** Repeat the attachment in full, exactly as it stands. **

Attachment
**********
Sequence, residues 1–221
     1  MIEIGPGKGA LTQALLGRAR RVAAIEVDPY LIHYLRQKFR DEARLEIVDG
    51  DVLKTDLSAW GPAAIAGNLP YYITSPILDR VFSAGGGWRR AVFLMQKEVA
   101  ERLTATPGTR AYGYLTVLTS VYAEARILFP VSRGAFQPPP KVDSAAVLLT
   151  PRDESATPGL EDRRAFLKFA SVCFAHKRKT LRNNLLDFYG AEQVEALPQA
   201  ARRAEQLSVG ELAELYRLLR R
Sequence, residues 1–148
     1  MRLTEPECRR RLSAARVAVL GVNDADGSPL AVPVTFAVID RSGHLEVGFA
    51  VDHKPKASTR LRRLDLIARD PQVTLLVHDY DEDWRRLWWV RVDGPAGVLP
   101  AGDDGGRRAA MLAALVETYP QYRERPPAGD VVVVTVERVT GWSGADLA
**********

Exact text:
Sequence, residues 1–221
     1  MIEIGPGKGA LTQALLGRAR RVAAIEVDPY LIHYLRQKFR DEARLEIVDG
    51  DVLKTDLSAW GPAAIAGNLP YYITSPILDR VFSAGGGWRR AVFLMQKEVA
   101  ERLTATPGTR AYGYLTVLTS VYAEARILFP VSRGAFQPPP KVDSAAVLLT
   151  PRDESATPGL EDRRAFLKFA SVCFAHKRKT LRNNLLDFYG AEQVEALPQA
   201  ARRAEQLSVG ELAELYRLLR R
Sequence, residues 1–148
     1  MRLTEPECRR RLSAARVAVL GVNDADGSPL AVPVTFAVID RSGHLEVGFA
    51  VDHKPKASTR LRRLDLIARD PQVTLLVHDY DEDWRRLWWV RVDGPAGVLP
   101  AGDDGGRRAA MLAALVETYP QYRERPPAGD VVVVTVERVT GWSGADLA